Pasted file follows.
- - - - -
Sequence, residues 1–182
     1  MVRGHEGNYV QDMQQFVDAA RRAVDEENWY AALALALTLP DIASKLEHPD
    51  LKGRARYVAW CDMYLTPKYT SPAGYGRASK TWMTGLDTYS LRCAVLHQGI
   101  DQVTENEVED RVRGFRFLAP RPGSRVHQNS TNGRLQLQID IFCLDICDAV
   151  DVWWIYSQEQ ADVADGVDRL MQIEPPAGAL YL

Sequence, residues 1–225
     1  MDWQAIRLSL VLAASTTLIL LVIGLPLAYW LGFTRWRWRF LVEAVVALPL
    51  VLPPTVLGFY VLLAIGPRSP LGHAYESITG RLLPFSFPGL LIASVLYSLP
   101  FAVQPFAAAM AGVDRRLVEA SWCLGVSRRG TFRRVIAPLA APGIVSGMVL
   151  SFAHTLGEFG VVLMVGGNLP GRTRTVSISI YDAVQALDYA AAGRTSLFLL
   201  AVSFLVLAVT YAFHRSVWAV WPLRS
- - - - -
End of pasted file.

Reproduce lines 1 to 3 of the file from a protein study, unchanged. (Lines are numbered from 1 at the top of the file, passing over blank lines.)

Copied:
Sequence, residues 1–182
     1  MVRGHEGNYV QDMQQFVDAA RRAVDEENWY AALALALTLP DIASKLEHPD
    51  LKGRARYVAW CDMYLTPKYT SPAGYGRASK TWMTGLDTYS LRCAVLHQGI